Garth Mullins is a journalist and radio documentary producer who focuses on the decriminalization of drugs, issues of race, class, environment, capitalism, colonialism, and oppression. Garth has written for the Vancouver Sun, Georgia Straight, and Vice. His documentaries have appeared on CBC Radio One, he has spoken publicly at countless schools, protests, conferences, and media outlets, and holds multiple awards for his work. Garth is a drug use activist who has worked with organizers to campaign for a safe and legal drug supply, which in turn could completely eliminate the overdose crisis as we know it."You know, I scored and used drugs on the downtown east side, when there was really strong, dope, and there was lots of overdoses and people were dying. And they, even the health board here declared it an emergency in the city, like, so I've lived through an overdose emergency before, and I saw these posts and I heard these two guys that I kind of knew of who used to hang around there and both died off the same batch."And there was a siren somewhere and I got this feeling like in my stomach and in my feet, like this really deep sense of déjà vu, you know, it's like in the matrix where the black cat walks past you and you know the program's glitching and I'm like, “This is going to happen again. This is happening again.There's an overdose crisis. There's a, this whole thing is going to happen again.” And I, and then I thought I can't sit out.You know, I want to be with the people who are pushing back, the people at the Vancouver area network of drug users. This is a union for drug users that people organized in the late 90s or starting then anyway.And there's the people there that I've learned so much from and work with, like Laura Shaver, she's a, you know, a methadone activist, but also a really, for decriminalization and a safe supply of drugs and all that. And me and her have worked on a bunch of campaigns now, and lost friends together.But then, back then I went to VANDU and just met her and, Laura is the person who taught me really how to talk about being a drug user. How to say this stuff and not be ashamed, you know, to look people in the eye and just say, this is who I am and just deal with it. I really learned a lot of that from her and, yeah, I felt like I couldn't sit out of this one, you know, because it's not right. It’s not right to sit out."Produced, directed, reported, edited, and sound designed by Luz Fleming. Production Assistant: Davis Lloyd. Executive Producer: Jacob Bronstein. Music by Luz Fleming, Garth Mullins, and James Ash. Theme Music: Andy Cotton & Luz Fleming. Art & Design: Andy Outis.Find more information on this episode including related images visit: yardtales.live/home/garthmullins© 2021 Icy Grape. Questions, comments, yard tales? Email: [email protected]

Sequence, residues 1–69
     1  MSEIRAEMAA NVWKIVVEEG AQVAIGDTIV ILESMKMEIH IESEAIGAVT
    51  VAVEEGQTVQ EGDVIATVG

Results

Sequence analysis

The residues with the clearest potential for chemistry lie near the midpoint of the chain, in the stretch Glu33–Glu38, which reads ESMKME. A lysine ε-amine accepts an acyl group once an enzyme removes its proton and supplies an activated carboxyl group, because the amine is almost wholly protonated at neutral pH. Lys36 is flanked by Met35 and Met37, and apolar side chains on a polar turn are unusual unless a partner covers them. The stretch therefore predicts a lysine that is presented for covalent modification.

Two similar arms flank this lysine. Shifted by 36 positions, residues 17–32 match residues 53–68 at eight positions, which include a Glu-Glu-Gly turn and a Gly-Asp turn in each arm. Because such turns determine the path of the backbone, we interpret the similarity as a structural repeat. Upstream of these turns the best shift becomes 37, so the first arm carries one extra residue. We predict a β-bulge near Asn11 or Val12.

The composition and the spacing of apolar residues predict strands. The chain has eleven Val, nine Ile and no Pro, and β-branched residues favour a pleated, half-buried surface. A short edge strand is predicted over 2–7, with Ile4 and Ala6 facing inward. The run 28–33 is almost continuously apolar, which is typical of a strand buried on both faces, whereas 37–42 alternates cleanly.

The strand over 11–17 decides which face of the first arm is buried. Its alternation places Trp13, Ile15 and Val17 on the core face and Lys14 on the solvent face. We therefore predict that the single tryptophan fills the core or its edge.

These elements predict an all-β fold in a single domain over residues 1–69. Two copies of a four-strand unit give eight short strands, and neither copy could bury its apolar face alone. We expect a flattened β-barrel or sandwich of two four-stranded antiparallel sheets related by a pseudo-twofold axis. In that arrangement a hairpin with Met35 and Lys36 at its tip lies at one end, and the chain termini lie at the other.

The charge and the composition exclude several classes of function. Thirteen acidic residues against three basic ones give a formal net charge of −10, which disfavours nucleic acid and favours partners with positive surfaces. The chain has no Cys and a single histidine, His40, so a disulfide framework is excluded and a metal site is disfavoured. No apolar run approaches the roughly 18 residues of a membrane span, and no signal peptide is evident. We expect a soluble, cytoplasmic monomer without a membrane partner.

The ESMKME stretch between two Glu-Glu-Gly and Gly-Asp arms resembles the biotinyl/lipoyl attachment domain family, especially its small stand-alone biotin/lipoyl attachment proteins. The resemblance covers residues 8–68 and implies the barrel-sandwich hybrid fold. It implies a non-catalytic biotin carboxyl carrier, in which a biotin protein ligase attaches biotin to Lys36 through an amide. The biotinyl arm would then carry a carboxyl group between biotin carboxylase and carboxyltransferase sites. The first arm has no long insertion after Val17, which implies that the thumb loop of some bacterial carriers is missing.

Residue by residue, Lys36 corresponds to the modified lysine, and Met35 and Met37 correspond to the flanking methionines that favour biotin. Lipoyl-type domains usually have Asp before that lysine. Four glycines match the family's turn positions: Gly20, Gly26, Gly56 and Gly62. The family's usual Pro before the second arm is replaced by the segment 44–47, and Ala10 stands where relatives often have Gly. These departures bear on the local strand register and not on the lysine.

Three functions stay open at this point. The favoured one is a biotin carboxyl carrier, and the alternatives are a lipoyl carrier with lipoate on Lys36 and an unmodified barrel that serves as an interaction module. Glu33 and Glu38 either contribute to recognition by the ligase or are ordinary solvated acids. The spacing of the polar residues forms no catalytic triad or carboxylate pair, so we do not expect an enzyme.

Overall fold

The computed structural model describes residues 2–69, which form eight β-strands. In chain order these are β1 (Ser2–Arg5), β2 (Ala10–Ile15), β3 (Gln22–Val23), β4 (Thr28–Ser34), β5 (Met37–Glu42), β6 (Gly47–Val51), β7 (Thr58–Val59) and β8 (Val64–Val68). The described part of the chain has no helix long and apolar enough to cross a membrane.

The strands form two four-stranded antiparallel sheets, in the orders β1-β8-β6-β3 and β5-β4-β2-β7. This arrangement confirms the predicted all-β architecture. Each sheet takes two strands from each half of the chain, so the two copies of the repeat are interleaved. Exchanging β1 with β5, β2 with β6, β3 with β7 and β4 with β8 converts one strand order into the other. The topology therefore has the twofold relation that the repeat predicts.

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    Susan Tran: Canada Is Racist